clock menu more-arrow no yes mobile

Filed under:

Packers Film Room: Jayden Reed’s emerging role in the Packers running game

Jayden Reed is adding an element of versatility the Packers' offense needs at the right time for a playoff push.

Green Bay Packers v Detroit Lions Photo by Lauren Leigh Bacho/Getty Images

Green Bay Packers rookie wide receiver Jayden Reed emerged throughout the course of the 2023 season as one of the Packers' more reliable receivers for quarterback Jordan Love. As a receiver, he’s caught 36 passes for 497 yards and five touchdowns. Recently though, the Packers are using him in the run game to get chunk yards, showing that he has a coveted versatility as a player who can move well in space in a Shanahan-style offense.

As a runner, he’s gained 81 yards on just seven carries, 11.6 yards per attempt. He’s averaging an explosive run of 10+ yards every time he gets the ball on a zone run or end around. He’s not close to the level of 49ers “wide back” Deebo Samuel, but he gives Matt LaFleur’s offense another versatile weapon to use just like the 49ers use Deebo.

The play that gained Deebo the notoriety as a runner is a fake counter blocking action reverse.

Shanahan’s counter reverse took the league by storm in 2019 and became an almost weekly thing in the NFL in 2020 with a half dozen teams running the play for explosive plays.

In 2019, the 49ers ran the play with Deebo just three times for 93 yards and one touchdown. The 49ers have used it very sparingly since then but used it twice this season in Week 10 versus Jacksonville.

The play starts out looking like “36-37 Stutter,” a gap scheme counter GF or GY (guard/fullback or guard/tight end) running play in Shanahan’s offense. They actually call the play “Fake 36-37 Stutter Z Dope.”

Deebo, as the single receiver to the right, is the ball carrier after Purdy faked the counter run action handoff from the shotgun to running back Elijah Mitchell. On “counter GF,” the guard and fullback pull around to the play side to lead block for the running back.

Left guard Jon Feliciano (No. 55) and tight end Charlie Woerner (No. 89) move in the direction of the counter to sell the motion to the right side of the formation as the defense crashes toward what appears to them to be the point of attack. Left tackle Trent Williams (No. 71) and Woerner are lead-blocking around the perimeter for Deebo. Deebo also gets a nice crack block from receiver Jauan Jennings on defensive end Josh Allen to seal him inside. Deebo does the rest and sprints to a touchdown.

The Packers' own version was unveiled in Week 9 versus the Rams when Reed carried the ball around the left end for 21 yards across midfield.

The Packers used the play with a power run blocking scheme instead of a counter run scheme. Left guard Elgton Jenkins is the puller to the right simulating a power run lead blocker into the C-gap while the rest of the offensive line blocks down.

A.J. Dillon is the running back offset to Jordan Love’s left side with Josiah Deguara offset to his right in a split-back backfield. Reed is in a cut split to the right. Luke Musgrave is split out wide left and motions into the formation as the kick-out block to the right. This helps sell the run action to the offense’s right side. The Rams never moved with his motion to stay balanced.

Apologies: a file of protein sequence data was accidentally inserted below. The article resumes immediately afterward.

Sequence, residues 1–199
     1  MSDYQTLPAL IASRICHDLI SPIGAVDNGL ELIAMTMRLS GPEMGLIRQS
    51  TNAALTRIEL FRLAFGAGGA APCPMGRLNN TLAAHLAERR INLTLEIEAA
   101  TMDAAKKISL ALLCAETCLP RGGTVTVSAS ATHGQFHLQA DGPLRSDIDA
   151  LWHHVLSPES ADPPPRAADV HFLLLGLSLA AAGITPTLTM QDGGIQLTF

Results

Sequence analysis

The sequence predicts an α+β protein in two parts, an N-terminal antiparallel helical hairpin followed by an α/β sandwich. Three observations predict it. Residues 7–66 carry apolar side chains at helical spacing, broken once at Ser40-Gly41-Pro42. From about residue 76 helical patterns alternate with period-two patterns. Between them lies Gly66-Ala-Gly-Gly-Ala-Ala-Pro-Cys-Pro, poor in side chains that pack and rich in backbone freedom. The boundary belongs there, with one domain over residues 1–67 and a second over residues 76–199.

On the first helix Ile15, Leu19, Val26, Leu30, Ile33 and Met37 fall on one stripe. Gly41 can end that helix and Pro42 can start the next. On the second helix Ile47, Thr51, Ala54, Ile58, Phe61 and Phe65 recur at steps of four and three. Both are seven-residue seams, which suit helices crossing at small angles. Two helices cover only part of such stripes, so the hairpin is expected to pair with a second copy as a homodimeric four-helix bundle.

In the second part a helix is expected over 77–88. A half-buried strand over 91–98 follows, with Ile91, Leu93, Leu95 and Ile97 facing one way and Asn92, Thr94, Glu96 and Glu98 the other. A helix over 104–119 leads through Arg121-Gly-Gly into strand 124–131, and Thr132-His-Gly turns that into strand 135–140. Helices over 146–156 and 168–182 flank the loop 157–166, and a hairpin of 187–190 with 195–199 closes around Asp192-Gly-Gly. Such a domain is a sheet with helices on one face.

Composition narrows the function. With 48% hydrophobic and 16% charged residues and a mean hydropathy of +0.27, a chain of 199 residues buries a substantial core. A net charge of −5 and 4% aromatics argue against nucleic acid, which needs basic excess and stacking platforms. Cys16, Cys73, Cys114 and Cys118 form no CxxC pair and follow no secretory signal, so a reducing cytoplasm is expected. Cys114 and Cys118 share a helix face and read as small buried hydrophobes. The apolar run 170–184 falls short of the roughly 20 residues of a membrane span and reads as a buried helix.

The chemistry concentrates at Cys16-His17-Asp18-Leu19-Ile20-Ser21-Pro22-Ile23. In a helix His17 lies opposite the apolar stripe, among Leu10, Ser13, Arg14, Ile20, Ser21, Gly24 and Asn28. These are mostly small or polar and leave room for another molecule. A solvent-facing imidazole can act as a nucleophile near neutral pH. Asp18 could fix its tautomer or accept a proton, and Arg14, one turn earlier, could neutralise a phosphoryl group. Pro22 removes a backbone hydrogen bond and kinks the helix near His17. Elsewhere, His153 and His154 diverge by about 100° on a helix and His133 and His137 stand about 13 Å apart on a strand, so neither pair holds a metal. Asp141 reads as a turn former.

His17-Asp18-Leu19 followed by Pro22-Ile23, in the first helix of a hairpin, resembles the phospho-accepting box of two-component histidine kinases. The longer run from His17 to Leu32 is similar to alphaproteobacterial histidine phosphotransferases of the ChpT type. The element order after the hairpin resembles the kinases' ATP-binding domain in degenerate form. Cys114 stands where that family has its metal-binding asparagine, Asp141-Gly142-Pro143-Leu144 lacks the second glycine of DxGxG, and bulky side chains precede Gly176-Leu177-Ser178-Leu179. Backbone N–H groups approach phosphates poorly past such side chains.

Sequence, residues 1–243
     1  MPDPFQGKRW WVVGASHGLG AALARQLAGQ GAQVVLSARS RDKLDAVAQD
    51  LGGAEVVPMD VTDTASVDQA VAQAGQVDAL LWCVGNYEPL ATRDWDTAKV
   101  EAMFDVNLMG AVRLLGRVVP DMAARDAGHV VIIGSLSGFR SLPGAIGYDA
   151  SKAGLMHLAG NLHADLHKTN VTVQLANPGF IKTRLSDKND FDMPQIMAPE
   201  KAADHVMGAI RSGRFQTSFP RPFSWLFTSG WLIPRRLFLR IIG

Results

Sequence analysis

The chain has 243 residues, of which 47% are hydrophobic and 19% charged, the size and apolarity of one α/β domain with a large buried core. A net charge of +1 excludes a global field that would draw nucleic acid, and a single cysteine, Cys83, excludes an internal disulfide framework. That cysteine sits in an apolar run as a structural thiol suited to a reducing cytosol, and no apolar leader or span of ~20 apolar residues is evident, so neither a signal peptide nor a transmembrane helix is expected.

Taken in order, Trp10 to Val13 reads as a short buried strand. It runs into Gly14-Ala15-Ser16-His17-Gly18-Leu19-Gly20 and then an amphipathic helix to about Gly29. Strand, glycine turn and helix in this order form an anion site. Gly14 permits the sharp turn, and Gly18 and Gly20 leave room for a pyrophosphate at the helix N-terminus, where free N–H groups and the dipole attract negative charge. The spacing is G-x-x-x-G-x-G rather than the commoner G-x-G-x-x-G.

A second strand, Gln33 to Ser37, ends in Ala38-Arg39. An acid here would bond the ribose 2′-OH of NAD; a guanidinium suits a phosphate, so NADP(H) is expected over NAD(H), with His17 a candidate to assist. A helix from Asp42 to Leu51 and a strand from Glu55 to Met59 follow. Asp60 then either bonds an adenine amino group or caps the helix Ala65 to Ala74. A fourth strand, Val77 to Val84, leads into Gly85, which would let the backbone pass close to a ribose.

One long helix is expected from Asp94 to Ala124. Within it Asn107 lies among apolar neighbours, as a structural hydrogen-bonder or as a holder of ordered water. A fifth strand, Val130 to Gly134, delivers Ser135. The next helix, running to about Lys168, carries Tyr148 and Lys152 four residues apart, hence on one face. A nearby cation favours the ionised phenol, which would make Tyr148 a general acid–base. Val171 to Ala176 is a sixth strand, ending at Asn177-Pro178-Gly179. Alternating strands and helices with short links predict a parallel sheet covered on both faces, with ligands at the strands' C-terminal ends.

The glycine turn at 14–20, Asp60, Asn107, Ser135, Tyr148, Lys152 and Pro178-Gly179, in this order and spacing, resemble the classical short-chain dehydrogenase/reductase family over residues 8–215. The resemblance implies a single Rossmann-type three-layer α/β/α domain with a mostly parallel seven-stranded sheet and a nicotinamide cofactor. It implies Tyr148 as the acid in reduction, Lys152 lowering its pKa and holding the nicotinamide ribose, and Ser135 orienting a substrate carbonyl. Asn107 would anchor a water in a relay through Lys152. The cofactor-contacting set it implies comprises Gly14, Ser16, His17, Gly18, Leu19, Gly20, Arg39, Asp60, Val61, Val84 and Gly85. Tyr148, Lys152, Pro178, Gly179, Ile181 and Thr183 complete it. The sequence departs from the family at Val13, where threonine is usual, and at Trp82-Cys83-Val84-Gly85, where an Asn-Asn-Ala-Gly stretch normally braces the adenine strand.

At the snap, at the snap, center Josh Meyers blocks down and then pulls out to lead block for Reed. Deguara is out in a convoy too. Reed gets to the edge and turns upfield behind his convoy and gains 21 yards.

The second way the Packers use Reed in the run game is on a regular wide zone running play from the shotgun known in the Shanahan tree offense as “38-39 Force.” “38-39” is the wide zone run from shotgun designation. “8” runs go to the right, “9” runs go to the left.

“Force” is a two-back wide zone running play to the strong side that tells the lead blocker, usually the fullback, but can be a tight end or extra running back, to block the first run support defender on the perimeter. In split safety/two high coverage shells, this puts the lead blocker on the force defender, usually the cloud coverage corner to the play side.

The receiver to the play side can either dig out of the safety (“Force CAT” designation) or block the overhang defender. The lead blocker blocking the first force player creates an advantageous blocking angle for both the lead blocker and the receiver in this situation.

In the first clip, Reed comes from the backside in a 2x2 to the tight end side. In the second clip, Reed starts on the tight end side and takes the handoff to the two receiver side, a nice wrinkle from the previous game against the Chargers.

The last way the Packers have used Reed in the running game is on a basic end-around run with a lead blocker.

The running play simulates a split zone inside run while sending the tight end on a simulated sift block around the edge where he ends up lead blocking for the end around from Reed.

The intent of the play is to get the defense to hit their interior run-fit gaps so that the offensive blockers can seal them inside the formation while the tight end bluff blocks and leads around the perimeter. The Chargers are in man coverage so Asante Samuel Jr. has to travel with Reed post-snap and takes a very poor angle after the snap while chasing Reed. Reed sprints untouched to the end zone.


Reed is emerging as a versatile weapon for the Packers offense and quarterback Jordan Love, enabling them to expand their playbook at a critical time in the NFC playoff race. He’s also being counted on to contribute in the passing game, which has led to him being the team’s leading receiver just ahead of Romeo Doubs. Down the stretch, we should expect to see an expanded role and timely usage of Reed in the running game.